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Randomness is found everywhere, from Cryptography to Machine Learning. Without random number generation, many things would be impossible to accomplish; in the case of cryptography, everything would be predictable and easy to break.

A random number generator (RNG) is a system (software or hardware component) that generates a sequence of random numbers from a true source of randomness, which can be reliable for cryptographic use. However, there are pseudo-random number generators (PRNG), which generate random numbers that look random but are actually deterministic. This means we can reproduce it if the state (or seed) of the PRNG is known.

In this tutorial, you will learn how to generate random numbers, strings, and bytes in Python using the built-in `random`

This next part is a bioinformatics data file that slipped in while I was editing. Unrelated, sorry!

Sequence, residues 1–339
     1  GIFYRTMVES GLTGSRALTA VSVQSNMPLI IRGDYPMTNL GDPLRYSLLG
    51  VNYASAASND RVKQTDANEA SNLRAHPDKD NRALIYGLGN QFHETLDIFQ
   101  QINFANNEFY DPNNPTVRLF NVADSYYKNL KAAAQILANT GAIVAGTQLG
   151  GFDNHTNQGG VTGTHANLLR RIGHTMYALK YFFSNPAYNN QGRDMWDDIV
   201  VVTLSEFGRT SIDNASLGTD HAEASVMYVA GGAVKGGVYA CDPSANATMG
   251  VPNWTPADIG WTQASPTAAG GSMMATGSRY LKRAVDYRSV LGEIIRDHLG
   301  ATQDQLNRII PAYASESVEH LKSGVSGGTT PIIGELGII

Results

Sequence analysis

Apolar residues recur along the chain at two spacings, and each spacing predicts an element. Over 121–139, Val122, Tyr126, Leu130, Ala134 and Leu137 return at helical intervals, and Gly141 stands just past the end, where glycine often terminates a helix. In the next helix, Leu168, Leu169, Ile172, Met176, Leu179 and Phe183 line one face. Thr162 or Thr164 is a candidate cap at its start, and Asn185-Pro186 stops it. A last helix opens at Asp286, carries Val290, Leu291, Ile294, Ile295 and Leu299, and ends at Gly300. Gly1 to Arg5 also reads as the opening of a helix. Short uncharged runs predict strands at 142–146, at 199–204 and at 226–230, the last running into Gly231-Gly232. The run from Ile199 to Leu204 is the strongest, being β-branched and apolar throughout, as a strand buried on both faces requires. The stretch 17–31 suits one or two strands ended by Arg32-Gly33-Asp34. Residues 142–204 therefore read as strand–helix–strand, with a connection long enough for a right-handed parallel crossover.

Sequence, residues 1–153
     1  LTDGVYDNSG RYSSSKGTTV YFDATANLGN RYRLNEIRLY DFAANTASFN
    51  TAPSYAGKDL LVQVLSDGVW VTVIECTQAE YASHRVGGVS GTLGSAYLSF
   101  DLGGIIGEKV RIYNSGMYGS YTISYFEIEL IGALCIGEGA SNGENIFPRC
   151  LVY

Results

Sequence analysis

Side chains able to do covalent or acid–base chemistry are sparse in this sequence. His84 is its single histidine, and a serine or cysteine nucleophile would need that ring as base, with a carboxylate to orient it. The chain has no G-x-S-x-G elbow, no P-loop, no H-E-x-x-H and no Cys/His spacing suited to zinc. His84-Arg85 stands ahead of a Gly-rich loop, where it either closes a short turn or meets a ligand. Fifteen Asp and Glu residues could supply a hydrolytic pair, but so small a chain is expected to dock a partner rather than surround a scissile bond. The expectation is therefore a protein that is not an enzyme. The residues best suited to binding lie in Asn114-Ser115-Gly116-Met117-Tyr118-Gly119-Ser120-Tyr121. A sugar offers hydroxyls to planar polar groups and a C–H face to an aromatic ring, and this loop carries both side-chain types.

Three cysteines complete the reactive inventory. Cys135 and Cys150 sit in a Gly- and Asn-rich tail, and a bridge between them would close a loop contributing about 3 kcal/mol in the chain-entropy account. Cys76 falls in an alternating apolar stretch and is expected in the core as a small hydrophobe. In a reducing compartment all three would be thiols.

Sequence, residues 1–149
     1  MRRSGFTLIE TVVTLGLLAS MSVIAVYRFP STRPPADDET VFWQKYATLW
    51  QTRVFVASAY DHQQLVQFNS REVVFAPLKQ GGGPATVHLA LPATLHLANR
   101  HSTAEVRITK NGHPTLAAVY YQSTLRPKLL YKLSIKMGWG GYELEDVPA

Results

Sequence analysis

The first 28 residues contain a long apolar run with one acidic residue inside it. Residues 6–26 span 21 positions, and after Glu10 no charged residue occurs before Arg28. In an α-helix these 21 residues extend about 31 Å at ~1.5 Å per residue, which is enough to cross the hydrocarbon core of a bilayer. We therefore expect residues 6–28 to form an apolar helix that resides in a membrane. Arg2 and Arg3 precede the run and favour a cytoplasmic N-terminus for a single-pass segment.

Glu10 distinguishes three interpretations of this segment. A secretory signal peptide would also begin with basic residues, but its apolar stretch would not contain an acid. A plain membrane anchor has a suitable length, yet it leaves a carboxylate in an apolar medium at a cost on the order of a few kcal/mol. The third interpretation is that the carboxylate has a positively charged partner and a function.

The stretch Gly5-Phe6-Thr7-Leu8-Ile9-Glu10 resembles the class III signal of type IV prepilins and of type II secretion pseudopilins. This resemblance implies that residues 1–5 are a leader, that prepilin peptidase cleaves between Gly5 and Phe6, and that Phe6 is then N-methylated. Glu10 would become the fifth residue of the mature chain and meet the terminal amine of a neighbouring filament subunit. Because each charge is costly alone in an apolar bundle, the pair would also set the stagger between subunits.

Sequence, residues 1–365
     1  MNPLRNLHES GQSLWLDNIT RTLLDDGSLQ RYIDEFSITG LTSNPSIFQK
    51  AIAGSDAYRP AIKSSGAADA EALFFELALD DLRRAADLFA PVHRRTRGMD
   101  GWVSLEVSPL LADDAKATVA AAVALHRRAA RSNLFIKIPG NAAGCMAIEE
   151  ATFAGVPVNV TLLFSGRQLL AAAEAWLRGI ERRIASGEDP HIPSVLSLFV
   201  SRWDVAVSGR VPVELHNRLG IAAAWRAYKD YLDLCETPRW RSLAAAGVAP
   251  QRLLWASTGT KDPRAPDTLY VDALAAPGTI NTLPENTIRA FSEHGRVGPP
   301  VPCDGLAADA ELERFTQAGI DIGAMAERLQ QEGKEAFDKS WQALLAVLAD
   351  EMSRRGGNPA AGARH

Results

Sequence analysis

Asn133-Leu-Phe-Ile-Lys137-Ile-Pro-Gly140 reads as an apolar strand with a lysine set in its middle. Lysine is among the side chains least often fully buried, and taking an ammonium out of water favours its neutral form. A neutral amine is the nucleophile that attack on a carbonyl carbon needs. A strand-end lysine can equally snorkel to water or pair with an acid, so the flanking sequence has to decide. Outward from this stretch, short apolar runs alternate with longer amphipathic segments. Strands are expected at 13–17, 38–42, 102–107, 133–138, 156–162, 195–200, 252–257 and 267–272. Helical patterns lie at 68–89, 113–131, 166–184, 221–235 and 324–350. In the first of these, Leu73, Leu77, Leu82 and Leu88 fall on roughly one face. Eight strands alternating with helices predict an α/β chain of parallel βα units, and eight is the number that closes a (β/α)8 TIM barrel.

module; this module implements pseudo-random number generators (which means you shouldn't use it for cryptographic use, such as key or password generation).

We will also explore the `secrets`

module for generating cryptographically secure random numbers suitable for passwords, encryption keys, account authentication, and related secrets. In the file encryption tutorial, we have used the `secrets`

module to derive encryption keys; make sure to check it out if you're curious.

We also used `secrets`

and `random`

modules to generate random passwords.

Note that there are definitely easier ways to generate random data, especially in Linux. However, the goal of this tutorial is to learn how to use Python for that.

**Related**: How to Use Pickle for Object Serialization in Python.

Table of contents:

- Generating Random Integers
- Randomly Choosing Elements
- Generating a Random Vector
- Generating a Random Matrix
- Generating Floating-Point Numbers
- Shuffling Sequences
- Generating Strings
- Cryptographically Secure Generation

To generate random integers, we can either use `random.randint()`

or `random.randrange()`

functions, let's see the difference:

```
import random
import os
import string
import numpy as np